Hawaii officials, scientists reflect on beauty and destruction of 2018 Kīlauea eruption

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HONOLULU (KHON2) — Sights from the 2018 Kīlauea eruption still have scientists and those called to duty to Hawaii island three years ago in awe.

“For many volcanologists, I guess myself included, it was the eruption of a career,” said Scott Rowland, University of Hawaii Manoa earth science specialist.

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“You really understand that when Pele wants the land back, she’s going to take it,” said Lt. Col. David Hatcher, a task force commander in 2018 for the Hawaii National Guard. “Fissure 8 was just incredible, just the heat and the size and then the fast movement of the lava.”

The 2018 eruption is still remembered for its incredible sights, but also as the most destructive eruption in Hawaii’s history.

“The earthquakes were localized in Leilani Estates, and cracks formed in the ground. Then there were small fissures that eventually became a great big fissure,” Rowland said.

For more than four months, Kīlauea spewed lava, leaving behind boulders of volcanic forms. The eruption also claimed 700 homes and displaced thousands of residents.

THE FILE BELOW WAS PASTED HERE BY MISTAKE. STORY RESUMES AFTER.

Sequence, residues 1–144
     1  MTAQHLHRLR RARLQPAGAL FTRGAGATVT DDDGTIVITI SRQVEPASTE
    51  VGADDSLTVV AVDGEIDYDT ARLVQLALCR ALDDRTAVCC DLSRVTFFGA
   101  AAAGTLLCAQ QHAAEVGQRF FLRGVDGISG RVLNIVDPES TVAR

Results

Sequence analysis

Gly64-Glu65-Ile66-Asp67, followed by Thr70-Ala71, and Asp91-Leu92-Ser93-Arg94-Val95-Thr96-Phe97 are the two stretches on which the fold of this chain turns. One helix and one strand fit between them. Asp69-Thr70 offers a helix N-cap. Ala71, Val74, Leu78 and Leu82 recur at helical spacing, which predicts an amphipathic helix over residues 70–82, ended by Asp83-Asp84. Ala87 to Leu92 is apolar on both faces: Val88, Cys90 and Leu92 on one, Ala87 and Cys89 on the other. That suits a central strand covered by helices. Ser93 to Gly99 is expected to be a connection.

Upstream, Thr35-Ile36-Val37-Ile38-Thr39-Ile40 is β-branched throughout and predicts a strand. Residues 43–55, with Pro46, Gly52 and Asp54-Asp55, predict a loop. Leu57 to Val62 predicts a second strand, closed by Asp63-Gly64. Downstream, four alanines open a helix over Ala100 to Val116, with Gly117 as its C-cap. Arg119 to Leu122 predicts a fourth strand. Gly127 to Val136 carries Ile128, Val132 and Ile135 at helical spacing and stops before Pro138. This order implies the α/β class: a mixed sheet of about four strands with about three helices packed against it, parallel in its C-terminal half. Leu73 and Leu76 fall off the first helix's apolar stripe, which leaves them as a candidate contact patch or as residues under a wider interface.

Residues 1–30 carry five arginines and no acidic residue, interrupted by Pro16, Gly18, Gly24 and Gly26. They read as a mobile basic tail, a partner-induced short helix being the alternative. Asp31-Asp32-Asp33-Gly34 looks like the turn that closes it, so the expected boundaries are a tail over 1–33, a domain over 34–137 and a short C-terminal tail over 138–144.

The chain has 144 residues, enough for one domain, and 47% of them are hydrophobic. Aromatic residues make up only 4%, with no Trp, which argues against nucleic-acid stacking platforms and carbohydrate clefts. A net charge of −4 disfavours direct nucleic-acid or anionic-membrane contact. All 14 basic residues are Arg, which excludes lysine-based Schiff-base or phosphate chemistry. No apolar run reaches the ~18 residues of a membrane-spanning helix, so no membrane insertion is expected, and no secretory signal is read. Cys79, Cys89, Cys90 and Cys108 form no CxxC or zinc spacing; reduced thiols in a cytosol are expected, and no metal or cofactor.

“Nobody knew how long it was going to last or when they could go back,” said Martin Moran, Hawaii County Red Cross director. “The shelter itself was in the glow of the eruption.”

The Red Cross and federal agencies took on what they said was the largest shelter operation in the island’s history, which lasted 137 days and at one point, housed nearly 700 people.

“We had to secure the area around there, especially Leilani Estates. It became very dangerous for people to be there,” said Lt. Col. Hatcher.

After the 2018 eruption, the summit lava lake for the first time ever began to fill with water. Then on Dec. 21, 2020, Kīlauea became active once again — this time in Halema’uma’u Crater. That eruption lasted until May 2021. Officials said that eruption was not destructive, but both events will go down in history.

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“It was an incredible act of nature, but the impact on the community is still being felt in a big way on this island,” said Kenneth Hon, Hawaiian Volcano Observatory Scientist-in-Charge.

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